GCC-China free trade deal must protect burgeoning Gulf industries: Saudi minister

The FTA negotiated between China and the Saudi-dominated Gulf Cooperation Council must protect burgeoning Gulf industries, the Saudi investment minister said on Sunday, adding he hoped it would be finalized soon.

“We need to enable and enable our industries to export, so we hope that all countries negotiating FTAs ​​with us know that we need to protect our new, emerging industries,” said Investment Minister Khalid al-Falih.

“We have to offer them a market economy and some kind of protection,” he said at the Arab-Chinese economic conference in Riyadh, without giving any details.

Negotiations on a Free Trade Agreement (FTA) between China and the Gulf Cooperation Council began in 2004 but have repeatedly stalled, most recently in 2016 after a ninth round. They have recently seen renewed momentum with tightening ties between Saudi Arabia under Crown Prince Mohammed bin Salman and China, with China’s foreign minister calling for talks to resume in early 2021.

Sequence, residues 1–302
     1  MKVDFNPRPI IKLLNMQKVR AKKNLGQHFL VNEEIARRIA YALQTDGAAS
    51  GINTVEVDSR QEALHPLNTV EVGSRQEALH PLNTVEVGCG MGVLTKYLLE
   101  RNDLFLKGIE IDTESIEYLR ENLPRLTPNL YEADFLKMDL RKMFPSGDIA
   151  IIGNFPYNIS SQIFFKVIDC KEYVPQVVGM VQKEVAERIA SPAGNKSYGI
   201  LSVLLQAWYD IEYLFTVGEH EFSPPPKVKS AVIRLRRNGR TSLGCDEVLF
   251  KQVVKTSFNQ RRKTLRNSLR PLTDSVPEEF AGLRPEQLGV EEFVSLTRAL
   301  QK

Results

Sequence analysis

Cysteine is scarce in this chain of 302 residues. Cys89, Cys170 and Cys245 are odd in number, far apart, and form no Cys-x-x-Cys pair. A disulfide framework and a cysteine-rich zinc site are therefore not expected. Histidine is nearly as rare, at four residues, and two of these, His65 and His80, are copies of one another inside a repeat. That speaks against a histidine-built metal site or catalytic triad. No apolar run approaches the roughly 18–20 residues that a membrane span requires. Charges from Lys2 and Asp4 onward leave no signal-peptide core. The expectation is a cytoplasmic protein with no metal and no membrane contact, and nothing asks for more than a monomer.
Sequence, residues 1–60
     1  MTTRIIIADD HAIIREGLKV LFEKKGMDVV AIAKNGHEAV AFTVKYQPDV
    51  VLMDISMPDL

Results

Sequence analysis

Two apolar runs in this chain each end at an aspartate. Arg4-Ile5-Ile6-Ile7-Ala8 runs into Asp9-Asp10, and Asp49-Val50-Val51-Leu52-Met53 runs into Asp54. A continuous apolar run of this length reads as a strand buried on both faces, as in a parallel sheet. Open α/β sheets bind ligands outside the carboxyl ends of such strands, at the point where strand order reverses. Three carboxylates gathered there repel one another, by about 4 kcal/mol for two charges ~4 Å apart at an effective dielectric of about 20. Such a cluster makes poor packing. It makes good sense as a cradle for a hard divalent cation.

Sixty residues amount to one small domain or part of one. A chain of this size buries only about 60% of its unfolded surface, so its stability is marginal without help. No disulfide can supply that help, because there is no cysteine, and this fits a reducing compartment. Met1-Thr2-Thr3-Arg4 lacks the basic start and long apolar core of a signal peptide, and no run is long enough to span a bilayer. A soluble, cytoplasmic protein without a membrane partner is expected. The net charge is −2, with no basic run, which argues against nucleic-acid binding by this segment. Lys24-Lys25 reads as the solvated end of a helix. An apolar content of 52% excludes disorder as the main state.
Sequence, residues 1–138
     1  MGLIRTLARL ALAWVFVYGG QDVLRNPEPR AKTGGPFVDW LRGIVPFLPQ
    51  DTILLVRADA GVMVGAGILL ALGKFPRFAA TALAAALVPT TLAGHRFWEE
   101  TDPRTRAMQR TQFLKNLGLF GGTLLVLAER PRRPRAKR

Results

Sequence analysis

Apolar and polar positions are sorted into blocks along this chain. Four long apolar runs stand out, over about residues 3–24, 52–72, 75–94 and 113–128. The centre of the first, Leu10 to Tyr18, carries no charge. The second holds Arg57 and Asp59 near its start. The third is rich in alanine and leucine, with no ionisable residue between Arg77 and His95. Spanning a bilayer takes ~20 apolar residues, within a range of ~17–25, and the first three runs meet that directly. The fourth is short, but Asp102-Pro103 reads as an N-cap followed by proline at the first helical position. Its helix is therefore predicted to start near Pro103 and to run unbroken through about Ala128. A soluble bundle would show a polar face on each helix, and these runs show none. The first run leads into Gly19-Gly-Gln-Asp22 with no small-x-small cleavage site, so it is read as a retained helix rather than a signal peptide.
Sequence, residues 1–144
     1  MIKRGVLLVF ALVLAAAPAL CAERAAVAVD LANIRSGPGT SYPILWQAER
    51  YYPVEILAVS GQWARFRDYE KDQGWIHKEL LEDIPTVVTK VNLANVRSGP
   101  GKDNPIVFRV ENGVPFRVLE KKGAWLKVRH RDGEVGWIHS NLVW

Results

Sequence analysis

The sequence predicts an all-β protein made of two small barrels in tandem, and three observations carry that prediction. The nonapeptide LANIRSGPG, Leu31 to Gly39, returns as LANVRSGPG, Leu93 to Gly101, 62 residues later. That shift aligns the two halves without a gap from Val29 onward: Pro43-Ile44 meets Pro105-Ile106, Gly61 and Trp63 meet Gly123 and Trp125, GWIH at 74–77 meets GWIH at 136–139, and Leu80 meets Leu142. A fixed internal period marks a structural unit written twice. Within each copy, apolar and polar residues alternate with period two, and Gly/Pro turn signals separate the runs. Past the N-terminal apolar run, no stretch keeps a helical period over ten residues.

Falih said he hoped the talks would reach an agreement soon.

“We have come from far. The leadership of both sides shows readiness,” said Falih.

The Gulf’s two largest economies, Saudi Arabia and the United Arab Emirates, have adopted new industrial strategies to boost domestic economic growth and non-oil exports. Saudi Arabia is developing sectors such as domestic manufacturing, mining and minerals, and advanced technology.

“GCC countries – especially the Kingdom of Saudi Arabia as the largest economy, population and workforce – we need to work on sectors other than energy,” Falih said of what the GCC countries expect from any deal.

Gulf countries like the United Arab Emirates are investing more and more energy in trade deals and investment partnerships to diversify their hydrocarbon-focused economies.

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